< Full site
Health care, open records among Legislature's topics
1/2/2013 6:00:00 AM
By Suzanne Adams-Ockrassa
The new session of the Arizona Legislature won't start until Jan. 14, but the list of proposed bills is already growing.
Freshman Rep. Sonny Borrelli, R-Lake Havasu City, said he hasn't had a chance to sit down and read the details of the proposed bills, but a bill at the top of the Arizona House of Representatives' list doesn't sound too bad to him.
HB 2001 simply states, "This state may not establish or administer a state-based health care exchange."
The Affordable Care Act, passed by Congress in March 2010 requires states to have a central website where residents can shop for health insurance. States can either set up and control the website themselves or the federal government will do it for them.
Gov. Jan Brewer has already said that the state would not be creating its own insurance exchange.
"I can agree with that, but I would have to see the details," Borrelli said.
Rep. Doris Goodale, R-Kingman, and Sen. Kelli Ward, R-Lake Havasu City, were contacted for this story but did not return phone calls before deadline.
Leaving the setup of the insurance exchanges to the federal government is a better idea, Borrelli said.
"The whole thing is just another way to shove taxes up," he said. "Taxpayers will have to pay not only for the health insurance of government employees but their dependents as well."
"I'm a firm believer in slowing down new legislation. I think we need to streamline the laws we have. I think we need to just tweak the laws we have a little bit. I don't think we need to add new ones."
He plans to read every bill that comes across his committee desk and hopes to meet with Rep. Michelle Ugenti on her proposed bill that would require organizations whose members pay dues with taxpayer money, such as the Arizona League of Cities and Towns, to follow Arizona Open Meetings Laws.
Open meeting laws require local, county and state governments to hold all of their committee and board meetings in full view of the public and opens nearly all state or local government records to public scrutiny. Some records and meetings can be closed to the public, but governmental entities must provide a reason why the meetings or records are closed.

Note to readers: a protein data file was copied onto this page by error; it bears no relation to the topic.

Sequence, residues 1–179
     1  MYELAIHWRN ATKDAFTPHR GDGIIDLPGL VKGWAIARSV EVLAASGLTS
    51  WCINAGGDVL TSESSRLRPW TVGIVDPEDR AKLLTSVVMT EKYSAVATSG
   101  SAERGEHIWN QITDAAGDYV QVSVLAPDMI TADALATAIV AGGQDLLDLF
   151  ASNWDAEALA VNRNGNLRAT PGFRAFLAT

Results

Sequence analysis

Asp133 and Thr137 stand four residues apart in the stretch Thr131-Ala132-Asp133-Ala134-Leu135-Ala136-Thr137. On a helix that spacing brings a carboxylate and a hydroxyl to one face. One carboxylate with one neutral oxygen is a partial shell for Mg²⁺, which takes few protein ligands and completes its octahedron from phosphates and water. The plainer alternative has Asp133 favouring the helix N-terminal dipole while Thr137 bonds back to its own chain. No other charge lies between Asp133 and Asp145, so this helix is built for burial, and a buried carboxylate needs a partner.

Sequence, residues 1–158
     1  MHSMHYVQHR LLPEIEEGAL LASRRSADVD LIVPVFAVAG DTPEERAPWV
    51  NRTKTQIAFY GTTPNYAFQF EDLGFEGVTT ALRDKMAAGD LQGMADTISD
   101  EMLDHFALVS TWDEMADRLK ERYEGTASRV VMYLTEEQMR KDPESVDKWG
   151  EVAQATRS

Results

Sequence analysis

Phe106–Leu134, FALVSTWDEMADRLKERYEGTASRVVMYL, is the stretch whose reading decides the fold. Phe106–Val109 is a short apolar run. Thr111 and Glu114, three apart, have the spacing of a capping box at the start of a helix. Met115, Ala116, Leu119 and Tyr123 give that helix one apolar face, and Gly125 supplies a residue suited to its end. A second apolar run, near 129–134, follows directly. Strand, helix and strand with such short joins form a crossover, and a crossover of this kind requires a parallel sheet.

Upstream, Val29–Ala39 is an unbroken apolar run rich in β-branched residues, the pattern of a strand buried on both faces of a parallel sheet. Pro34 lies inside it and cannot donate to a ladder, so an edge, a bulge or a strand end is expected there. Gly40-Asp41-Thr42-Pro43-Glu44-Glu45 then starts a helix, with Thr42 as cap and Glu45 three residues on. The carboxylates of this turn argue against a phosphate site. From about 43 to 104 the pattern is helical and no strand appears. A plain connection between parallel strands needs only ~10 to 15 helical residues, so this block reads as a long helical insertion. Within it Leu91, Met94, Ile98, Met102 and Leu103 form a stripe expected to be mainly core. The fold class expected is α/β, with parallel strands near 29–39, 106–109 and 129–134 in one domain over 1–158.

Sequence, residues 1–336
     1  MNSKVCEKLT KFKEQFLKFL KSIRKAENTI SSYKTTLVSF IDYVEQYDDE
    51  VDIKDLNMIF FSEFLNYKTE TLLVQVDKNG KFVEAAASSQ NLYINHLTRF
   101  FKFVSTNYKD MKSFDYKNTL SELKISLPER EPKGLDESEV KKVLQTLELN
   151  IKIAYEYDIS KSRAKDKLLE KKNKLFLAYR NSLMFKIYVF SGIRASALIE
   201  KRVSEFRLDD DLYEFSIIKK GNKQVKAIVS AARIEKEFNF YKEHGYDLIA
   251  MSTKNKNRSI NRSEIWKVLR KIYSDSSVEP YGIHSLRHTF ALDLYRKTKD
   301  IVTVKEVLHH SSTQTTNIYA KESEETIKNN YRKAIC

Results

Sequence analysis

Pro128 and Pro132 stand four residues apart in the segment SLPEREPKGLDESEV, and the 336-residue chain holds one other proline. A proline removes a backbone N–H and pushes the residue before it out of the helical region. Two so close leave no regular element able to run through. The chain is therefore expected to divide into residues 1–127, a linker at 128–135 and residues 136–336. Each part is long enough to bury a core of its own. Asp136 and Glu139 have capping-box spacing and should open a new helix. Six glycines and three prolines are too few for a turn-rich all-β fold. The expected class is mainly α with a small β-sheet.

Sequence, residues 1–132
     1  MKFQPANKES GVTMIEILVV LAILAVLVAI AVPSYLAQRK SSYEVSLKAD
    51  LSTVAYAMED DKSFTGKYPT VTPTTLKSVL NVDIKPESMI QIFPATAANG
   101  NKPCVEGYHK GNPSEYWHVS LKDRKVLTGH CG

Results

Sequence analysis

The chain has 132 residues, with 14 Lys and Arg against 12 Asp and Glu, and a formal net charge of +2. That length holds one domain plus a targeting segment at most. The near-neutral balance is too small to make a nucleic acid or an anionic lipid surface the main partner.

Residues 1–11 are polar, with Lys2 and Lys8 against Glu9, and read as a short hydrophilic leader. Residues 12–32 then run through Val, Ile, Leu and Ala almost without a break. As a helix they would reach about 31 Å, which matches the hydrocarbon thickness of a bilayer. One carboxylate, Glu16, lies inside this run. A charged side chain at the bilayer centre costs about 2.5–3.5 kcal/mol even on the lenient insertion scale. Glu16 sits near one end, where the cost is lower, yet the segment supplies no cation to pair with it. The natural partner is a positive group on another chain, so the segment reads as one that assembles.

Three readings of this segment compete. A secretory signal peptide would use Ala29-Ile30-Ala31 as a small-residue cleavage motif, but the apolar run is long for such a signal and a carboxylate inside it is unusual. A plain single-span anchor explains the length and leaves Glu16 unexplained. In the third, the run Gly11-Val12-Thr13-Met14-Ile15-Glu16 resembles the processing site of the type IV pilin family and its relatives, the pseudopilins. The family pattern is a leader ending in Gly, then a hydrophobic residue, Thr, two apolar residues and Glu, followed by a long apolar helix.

According to a news release, Ugenti proposed the bill after she had a hard time getting the results of a survey the League did on another bill, HB 2826.
That bill consolidated the election dates of city council members with the state's fall election date.
Borrelli said he hasn't read the bill yet and he couldn't really comment on it.
Two other bills he hasn't had a chance to read yet and couldn't comment on are HB 2002 and HB 2004.
HB 2002 would make it a felony if a caregiver or parent doesn't report a missing child after 24 hours. HB 2004 would make it a felony to impersonate someone on social media, through email or on a website.
"I can't tell if it's good or bad," he said. "Before I make a decision on anything I like to reach out to people. I want to know how it's going to affect people."
Borrelli did say he's gotten a sneak peek at the preliminary 2013/2014 budget numbers and was amazed that three-quarters of the state's general fund goes to support education, prisons and the Arizona Health Care Cost Containment System, Arizona's version of Medicare/Medicaid.
As the vice chair of the House Transportation Committee, he plans to take a hard look at the projects the Arizona Department of Transportation has lined up for the next few years.
"I want to see if I can nudge some of those projects slated for Mohave County along," he said.
He's also hoping, as a member of the House Committee on Military Affairs and Public Safety, to encourage the state to accept military training in lieu of formal schooling for some careers and licensing requirements.
"For example, when I was in the military I trained to drive tractor-trailers, but I can't get a commercial truck license in Arizona without having to go through a truck driving school," Borrelli said.
"Why should someone have to pay for training they already have in order to get a civilian license?"
Antique, thrift stores a key part of downtown's appeal
Transportation input wanted to spread word about transit options
Child porn images earn a 5-year sentence
Stolen backhoe recovered; one arrested
Immigrants here illegally can now get driver's licenses
Mohave County's unemployment rate ticks up
Ban on smokers not likely to catch fire in Mohave County
Downtown Kingman post office will stay open two extra months
Kingman Daily Miner Home
< Full site
Copyright © 2014 The Kingman Daily Miner / www.kdminer.com
, All Rights Reserved